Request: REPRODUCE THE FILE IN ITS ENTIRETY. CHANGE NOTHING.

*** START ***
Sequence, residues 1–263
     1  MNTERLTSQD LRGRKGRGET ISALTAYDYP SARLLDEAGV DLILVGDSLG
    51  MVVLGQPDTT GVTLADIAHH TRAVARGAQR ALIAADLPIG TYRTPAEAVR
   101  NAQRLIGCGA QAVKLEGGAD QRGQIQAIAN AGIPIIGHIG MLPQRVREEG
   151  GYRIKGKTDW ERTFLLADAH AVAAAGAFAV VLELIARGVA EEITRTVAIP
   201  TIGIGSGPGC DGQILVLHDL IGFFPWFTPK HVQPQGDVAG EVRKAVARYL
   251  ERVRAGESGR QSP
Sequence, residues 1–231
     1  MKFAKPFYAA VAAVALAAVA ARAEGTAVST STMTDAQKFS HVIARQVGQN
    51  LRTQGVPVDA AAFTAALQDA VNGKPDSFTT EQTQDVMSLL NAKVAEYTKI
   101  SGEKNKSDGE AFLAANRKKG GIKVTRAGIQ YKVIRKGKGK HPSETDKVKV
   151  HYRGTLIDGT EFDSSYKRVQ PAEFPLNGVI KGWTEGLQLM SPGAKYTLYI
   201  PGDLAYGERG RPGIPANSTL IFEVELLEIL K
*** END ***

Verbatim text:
Sequence, residues 1–263
     1  MNTERLTSQD LRGRKGRGET ISALTAYDYP SARLLDEAGV DLILVGDSLG
    51  MVVLGQPDTT GVTLADIAHH TRAVARGAQR ALIAADLPIG TYRTPAEAVR
   101  NAQRLIGCGA QAVKLEGGAD QRGQIQAIAN AGIPIIGHIG MLPQRVREEG
   151  GYRIKGKTDW ERTFLLADAH AVAAAGAFAV VLELIARGVA EEITRTVAIP
   201  TIGIGSGPGC DGQILVLHDL IGFFPWFTPK HVQPQGDVAG EVRKAVARYL
   251  ERVRAGESGR QSP
Sequence, residues 1–231
     1  MKFAKPFYAA VAAVALAAVA ARAEGTAVST STMTDAQKFS HVIARQVGQN
    51  LRTQGVPVDA AAFTAALQDA VNGKPDSFTT EQTQDVMSLL NAKVAEYTKI
   101  SGEKNKSDGE AFLAANRKKG GIKVTRAGIQ YKVIRKGKGK HPSETDKVKV
   151  HYRGTLIDGT EFDSSYKRVQ PAEFPLNGVI KGWTEGLQLM SPGAKYTLYI
   201  PGDLAYGERG RPGIPANSTL IFEVELLEIL K